“This investment from Great Hill Partners will allow us to take our ambitions to the next level; we couldn’t be more excited about the road ahead,” adds Baer.

“TodayTix is rapidly changing the way millennials and other consumers connect with live cultural experiences,” comments Michael Kumin, a managing partner at Great Hill Partners.

“We look forward to working with Brian, Merritt and their talented management team to expand the Company’s product and service offerings and accelerate its push into new geographies.”

Boston-based Great Hill Partners focuses on mid-market growth businesses. The firm recently led the buyout of Gizmodo Media Group from Univision and has invested in companies including Ziff Davis, IGN, Momondo Group, Wayfair and The RealReal.

Methuselah Advisors guided the Great Hill Partners’ investment.

 


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Cashing in on live music: Meet the investors buying into the biz

The global live music industry has experienced a significant uptick in fortunes over the past decade. A switch in favour – from listening to recorded music at home, to physically attending the live event – has facilitated immense growth and profitability, driven by escalating ticket prices and the desirability to attend high-end live experiences.

This financial success has created a world of possibility for live music events, which are becoming more and more appealing to investors and fans alike. Thanks to consumer preference and industry adaptability, “the sector is growing more rapidly than the economy as a whole,” according to Lisa Boden, partner at Edition Capital, an investment company specialising in the entertainment and leisure industry.

“It is therefore an attractive space to invest into,” she adds.

Journalist and entertainment stock-market analyst Manfred Tari believes that while traditional industries are becoming saturated with investors, private-equity firms are speculating on different business sectors that have not previously been properly explored.

“The stock markets are not delivering the profit margins usually required by investors, so investors are looking into other industries to gain that 10% profit margin or more,” says Tari. “The live music industry is providing one of these different investment fields.”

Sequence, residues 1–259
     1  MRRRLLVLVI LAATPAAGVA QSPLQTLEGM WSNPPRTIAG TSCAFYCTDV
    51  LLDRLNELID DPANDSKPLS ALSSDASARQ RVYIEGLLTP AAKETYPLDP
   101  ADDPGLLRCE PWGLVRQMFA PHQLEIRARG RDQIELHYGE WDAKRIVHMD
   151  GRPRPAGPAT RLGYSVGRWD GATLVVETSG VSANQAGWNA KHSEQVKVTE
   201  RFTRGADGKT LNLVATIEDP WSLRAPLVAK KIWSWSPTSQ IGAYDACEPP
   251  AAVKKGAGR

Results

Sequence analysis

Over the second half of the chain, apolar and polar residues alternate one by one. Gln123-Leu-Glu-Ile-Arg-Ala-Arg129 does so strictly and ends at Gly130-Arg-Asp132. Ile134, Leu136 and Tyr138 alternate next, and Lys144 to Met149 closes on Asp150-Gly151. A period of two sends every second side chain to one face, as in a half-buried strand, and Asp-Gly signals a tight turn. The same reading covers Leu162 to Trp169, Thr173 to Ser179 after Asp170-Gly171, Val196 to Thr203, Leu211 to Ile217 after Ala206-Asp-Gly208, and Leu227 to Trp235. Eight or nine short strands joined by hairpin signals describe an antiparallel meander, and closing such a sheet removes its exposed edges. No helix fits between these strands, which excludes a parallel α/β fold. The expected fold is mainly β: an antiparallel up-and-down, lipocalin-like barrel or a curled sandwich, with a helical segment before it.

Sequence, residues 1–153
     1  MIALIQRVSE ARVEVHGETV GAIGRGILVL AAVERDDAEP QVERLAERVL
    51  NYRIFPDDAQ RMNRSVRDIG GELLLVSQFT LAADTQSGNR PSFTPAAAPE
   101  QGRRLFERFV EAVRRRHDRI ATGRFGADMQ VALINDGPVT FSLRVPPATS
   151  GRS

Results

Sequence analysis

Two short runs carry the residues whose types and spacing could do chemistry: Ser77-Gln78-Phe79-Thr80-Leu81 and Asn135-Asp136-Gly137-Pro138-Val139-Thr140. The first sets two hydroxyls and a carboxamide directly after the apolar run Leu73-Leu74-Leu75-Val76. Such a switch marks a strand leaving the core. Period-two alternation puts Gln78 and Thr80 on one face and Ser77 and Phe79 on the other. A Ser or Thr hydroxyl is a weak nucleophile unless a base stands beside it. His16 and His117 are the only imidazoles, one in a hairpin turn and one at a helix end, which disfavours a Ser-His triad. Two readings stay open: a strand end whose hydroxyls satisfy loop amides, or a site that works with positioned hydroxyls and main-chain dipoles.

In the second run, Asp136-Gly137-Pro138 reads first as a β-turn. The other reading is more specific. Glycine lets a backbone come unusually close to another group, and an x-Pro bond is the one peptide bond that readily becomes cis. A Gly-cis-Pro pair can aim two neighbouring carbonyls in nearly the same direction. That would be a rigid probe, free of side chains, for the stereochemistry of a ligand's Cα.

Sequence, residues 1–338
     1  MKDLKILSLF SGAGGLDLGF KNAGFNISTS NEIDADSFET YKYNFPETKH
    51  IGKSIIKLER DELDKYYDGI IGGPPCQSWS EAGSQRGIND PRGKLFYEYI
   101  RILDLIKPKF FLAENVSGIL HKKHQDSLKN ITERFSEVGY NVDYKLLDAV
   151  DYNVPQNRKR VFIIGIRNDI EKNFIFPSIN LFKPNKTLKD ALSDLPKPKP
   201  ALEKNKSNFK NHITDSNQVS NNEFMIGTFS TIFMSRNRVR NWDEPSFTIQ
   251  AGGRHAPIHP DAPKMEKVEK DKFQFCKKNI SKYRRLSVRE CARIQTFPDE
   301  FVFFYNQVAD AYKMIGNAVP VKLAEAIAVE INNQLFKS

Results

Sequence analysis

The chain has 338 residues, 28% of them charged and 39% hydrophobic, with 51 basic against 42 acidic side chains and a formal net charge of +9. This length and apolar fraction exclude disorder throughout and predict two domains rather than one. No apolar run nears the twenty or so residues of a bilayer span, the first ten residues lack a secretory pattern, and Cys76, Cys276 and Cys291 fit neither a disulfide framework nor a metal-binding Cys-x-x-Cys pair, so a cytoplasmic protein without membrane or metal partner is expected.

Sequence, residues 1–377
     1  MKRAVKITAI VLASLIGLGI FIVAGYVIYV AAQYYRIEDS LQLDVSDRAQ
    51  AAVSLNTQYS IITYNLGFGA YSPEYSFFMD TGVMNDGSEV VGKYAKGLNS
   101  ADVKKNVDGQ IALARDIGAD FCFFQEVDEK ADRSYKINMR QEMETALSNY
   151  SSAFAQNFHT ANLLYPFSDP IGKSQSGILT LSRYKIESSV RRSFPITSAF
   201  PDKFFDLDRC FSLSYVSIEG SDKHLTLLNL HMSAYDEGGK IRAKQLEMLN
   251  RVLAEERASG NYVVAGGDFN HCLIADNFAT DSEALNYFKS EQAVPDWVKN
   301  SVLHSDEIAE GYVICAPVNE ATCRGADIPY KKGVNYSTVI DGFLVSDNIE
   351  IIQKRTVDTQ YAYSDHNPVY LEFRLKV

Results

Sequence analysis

Big money
Private-equity firms are pouring money into the live industry like never before, acquiring stakes in major talent- booking agencies, buying up popular festivals, and entering into partnerships with venue management companies.

“The live music sector is growing more rapidly than the economy as a whole”

“Whenever a deal takes place, it shows what kind of strategies are being used by investment companies,” explains Tari. “One particular deal that comes to mind is the merger between AEG facilities and SMG, backed by the huge private-equity company, Onex. This merger explains well what is going on in general – private-equity companies are looking for opportunities and just jumping in.”

The recently announced ASM Global merger could boast a portfolio of 310 arenas, stadia, convention centres and performing arts venues, if the deal is given the green light by monopoly watchdogs. The venue management colossus would span five continents and has been hailed by supporters as a “major step” for the live music industry.

Meanwhile, in the outdoor space, festivals are proving to be a highly lucrative aspect of the industry. Providence Equity Partners is the private-equity backer of Superstruct Entertainment, a festival owner and operator led by Creamfields founder James Barton. The company has acquired stakes in major European festivals, including Barcelona’s Sónar, Hungary’s Sziget, Norway’s Øya and Flow Festival in Finland.